LAST REVIEWED Mar 26 2020 18 MIN READ
By Anisha Sekar
So you’ve gotten an offer from an up-and-coming startup, and as part of your compensation package, you’re getting company stock on top of your salary. Congratulations! Before you get too starry-eyed, though, you’ll want to evaluate your offer carefully to make sure you’re not counting your chickens well before they hatch. You should be able to accurately assess the (potential) value of your equity offer to see how it stacks up against other offers you may have, and use your understanding to potentially negotiate a higher salary. We’ll walk through the basics of startup equity, the questions you should ask, and how to compare offers side-by-side.
If you’re looking for more general questions to help you evaluate your startup offer as a whole, go here instead: 33 Questions to Help You Evaluate a Startup Job Offer
Equity basics: Understanding startup stock
As the name implies, a share of stock entitles the holder to a portion of the company. If a company has 10,000 shares outstanding, each share entitles the owner 0.01% of the company’s acquisition price if there’s a successful exit, 0.01% of shares if the company goes public, or…next to nothing if the startup fails, unfortunately.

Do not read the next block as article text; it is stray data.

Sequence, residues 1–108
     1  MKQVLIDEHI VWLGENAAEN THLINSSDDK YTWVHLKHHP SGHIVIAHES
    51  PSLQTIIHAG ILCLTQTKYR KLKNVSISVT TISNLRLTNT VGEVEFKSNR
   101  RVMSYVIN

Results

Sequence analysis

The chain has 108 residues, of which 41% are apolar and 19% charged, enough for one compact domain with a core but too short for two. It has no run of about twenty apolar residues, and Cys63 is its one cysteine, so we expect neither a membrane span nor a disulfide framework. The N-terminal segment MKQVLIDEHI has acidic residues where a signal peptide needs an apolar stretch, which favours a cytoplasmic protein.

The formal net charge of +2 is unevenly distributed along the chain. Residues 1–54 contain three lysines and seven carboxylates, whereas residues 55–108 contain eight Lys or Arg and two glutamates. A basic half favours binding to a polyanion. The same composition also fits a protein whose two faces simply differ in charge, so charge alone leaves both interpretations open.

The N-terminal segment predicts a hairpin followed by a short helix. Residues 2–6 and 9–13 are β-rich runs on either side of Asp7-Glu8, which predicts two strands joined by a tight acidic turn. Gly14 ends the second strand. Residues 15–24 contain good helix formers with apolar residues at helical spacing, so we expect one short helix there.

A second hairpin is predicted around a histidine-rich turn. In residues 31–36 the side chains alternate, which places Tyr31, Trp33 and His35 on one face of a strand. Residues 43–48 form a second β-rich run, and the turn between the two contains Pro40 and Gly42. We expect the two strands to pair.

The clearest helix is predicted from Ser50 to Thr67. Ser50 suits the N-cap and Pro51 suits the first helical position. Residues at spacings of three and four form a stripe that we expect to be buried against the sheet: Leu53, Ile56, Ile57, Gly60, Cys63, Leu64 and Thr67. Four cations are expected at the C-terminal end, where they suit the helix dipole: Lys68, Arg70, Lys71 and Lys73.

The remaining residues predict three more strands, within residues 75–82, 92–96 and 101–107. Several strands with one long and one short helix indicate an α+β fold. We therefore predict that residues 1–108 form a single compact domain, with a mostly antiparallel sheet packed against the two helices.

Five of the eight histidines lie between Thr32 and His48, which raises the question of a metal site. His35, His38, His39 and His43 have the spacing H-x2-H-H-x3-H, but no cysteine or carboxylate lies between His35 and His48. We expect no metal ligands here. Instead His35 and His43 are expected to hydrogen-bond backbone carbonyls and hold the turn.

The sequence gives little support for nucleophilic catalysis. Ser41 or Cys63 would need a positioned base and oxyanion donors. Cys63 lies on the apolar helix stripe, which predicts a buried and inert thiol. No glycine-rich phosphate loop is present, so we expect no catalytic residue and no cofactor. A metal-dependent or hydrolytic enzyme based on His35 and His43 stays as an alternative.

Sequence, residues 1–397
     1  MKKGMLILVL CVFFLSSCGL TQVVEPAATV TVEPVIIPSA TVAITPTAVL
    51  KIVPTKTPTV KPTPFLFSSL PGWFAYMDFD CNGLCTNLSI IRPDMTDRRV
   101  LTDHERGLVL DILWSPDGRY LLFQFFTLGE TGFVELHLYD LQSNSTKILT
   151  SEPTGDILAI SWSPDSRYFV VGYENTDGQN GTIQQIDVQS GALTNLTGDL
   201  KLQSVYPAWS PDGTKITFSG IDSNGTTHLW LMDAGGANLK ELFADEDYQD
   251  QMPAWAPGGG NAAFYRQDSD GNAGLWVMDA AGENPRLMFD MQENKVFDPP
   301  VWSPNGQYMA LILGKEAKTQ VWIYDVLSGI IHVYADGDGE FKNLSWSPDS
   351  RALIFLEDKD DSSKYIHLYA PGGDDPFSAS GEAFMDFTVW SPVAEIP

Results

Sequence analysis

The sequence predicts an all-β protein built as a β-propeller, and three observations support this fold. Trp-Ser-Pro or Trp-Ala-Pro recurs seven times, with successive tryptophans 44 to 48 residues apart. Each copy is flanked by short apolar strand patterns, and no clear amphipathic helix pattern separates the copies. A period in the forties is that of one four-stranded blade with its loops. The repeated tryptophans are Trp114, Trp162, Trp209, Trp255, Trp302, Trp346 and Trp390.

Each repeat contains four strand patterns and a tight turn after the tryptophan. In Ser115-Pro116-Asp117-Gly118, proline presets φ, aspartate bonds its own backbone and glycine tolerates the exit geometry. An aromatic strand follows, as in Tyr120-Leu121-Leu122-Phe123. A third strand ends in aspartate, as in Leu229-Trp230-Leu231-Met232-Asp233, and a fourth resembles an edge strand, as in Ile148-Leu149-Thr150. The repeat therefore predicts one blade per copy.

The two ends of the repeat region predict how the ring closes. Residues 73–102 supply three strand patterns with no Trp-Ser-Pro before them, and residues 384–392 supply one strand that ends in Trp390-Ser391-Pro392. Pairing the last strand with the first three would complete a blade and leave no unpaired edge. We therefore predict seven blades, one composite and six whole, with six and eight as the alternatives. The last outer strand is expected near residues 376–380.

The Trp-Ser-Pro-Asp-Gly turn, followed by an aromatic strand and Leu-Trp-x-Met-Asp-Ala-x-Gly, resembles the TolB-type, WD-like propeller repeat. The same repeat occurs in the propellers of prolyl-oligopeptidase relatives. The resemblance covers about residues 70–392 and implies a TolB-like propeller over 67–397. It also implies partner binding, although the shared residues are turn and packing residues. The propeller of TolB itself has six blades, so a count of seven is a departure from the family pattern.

Who gets shares in a startup?
Shareholders in private startups typically fall into one of three groups:
Founders: In the beginning, the founders control 100% of the company’s shares. Over time, they’ll likely control fewer of them as they dole out shares in exchange for money or labor.
Investors: Venture capitalists take a certain number of shares in return for their investment. As the company raises more money, it issues more shares to its investors, diluting the shares of everyone who invested previously. (This isn’t necessarily a bad thing, though, since the company will presumably use the money to grow the pie for everyone).
Employees: That’s you! Typically, your shares will be vested – that is, rather than getting all your shares immediately, they’ll be doled out over some period of time to incentivize you to stay with your employer.
How much is a share worth?